Letting Go Of Attachment

Detachment is essential on the path to inner fulfillment, but it has often been confused with abandonment. The general opinion is that we must renounce the things that give us worldly pleasure in order to experience detachment, but attachment is not the same as possessing. You can have possessions without being attached, just as you can live in a cave with nothing, and be attached all the same! Attachment is about letting go of need, of the fear of loss; ultimately, it’s about finding fulfillment within ourselves, so that we no longer depend on the things or people around us for satisfaction. When this happens, you can fully enjoy the things you have, but without the fear of losing them.

What are you attached to? We are all attached to something. It might be our children, our partners, our material possessions, our jobs. Or it might be to something more subtle; our image, our ideas, our beliefs and convictions. If you ever find yourself trying to hold a position, or defend an idea, you can be sure you are attached.

Simply becoming aware of what you are attached to is the first step towards letting go. When you are conscious of an attachment, you will be able to identify the need that is attached to it, and the fear that is activated every time your attachment is threatened in some way. When this happens, go inwards and allow yourself to feel the anxiety or fear. By feeling this emotion, you will move closer to healing the emptiness that ultimately leads you to seek external fulfillment.

We think the things around us are our source of happiness, but when we let go of attachment, we discover the boundless joy that lies within. This inner experience of fullness, or love-consciousness, brings with it true freedom, for we no longer depend on that which is ever changing in order to feel complete.

Isha Judd is an internationally renowned spiritual teacher and author; her latest book and movie, Why Walk When You Can Fly? explain her system for self-love and the expansion of consciousness. Learn more at www.whywalkwhenyoucanfly.com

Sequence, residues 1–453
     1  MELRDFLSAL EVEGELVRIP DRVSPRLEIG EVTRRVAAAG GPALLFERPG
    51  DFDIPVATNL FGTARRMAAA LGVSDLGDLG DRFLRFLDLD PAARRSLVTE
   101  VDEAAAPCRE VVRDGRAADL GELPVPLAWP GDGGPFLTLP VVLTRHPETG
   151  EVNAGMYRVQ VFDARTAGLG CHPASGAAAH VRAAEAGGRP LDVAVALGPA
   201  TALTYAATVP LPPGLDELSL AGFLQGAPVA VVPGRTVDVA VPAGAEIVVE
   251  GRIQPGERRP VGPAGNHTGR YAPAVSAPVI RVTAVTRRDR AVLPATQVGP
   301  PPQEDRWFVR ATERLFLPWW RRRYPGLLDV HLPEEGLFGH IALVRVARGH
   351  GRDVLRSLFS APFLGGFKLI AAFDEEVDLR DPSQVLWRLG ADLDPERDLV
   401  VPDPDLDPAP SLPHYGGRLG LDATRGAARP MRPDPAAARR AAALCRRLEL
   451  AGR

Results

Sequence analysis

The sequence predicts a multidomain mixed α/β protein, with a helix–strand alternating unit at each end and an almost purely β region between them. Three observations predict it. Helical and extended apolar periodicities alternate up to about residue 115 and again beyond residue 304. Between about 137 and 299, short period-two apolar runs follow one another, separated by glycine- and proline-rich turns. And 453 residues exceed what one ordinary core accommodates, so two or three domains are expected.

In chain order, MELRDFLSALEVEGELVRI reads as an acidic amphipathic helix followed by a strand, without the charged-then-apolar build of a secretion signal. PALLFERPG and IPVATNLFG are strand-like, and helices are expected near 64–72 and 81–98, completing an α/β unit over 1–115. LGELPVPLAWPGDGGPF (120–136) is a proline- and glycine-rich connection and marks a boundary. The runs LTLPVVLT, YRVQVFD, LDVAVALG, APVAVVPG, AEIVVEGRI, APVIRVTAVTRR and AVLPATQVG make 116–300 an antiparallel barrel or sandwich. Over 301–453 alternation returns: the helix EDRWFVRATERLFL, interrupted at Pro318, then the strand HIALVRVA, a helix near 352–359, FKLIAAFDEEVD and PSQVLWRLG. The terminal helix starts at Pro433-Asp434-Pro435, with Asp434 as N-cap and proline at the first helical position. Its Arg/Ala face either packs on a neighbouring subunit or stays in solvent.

Zee Kallah
.5 years ago

M. Scott Peck, an internationally famous, outspoken Christian psychiatrists with many and many a book (I read 20 of them out of the library), anyhow,

Peck said, when you are getting old is the time to start leting go of things. Turn it over to the young uns.

For me, it's the time to enjoy the simple things.

Zee Kallah
.5 years ago

Sometimes, I think I let go too easily.

If it's too hot in the kitchen, get out of the kitchen.

But when I let go of a relationship or a group, I always end up with a better one.

I also try to let the folks in my life know, I won't be here long.
I'm just passing through.

When I was young, I stuck it out...themarriages and the misery but now that I am old,.

See ya! maybe.

Chavonne Harvey
Chavonne H.5 years ago

cool thanks :)

Rebecca J.
Rebecca A B.5 years ago

Very enlightening. I think this was a good read.

mary a.
mary a.6 years ago

We are attached not only to material things, but also to people, the place where we live, our dreams...

Loretta K.
Loretta K.6 years ago

Thank you.

Loretta K.
Loretta K.6 years ago

Thank you Isha Judd, I have been pondering what attachment means in this sense. One can not just NOT CARE About anything. One has obligations,

Mari Basque
Mari 's6 years ago

I'm attached to Gaia should I abandon her because you say so? Not.

irene fernandez
irene Fernandez6 years ago

Thank you

Rosemary H.
Rosemary H.6 years ago

I've been far happier since I came to live in the hills. Not to be attached to the hills? That's a hard one....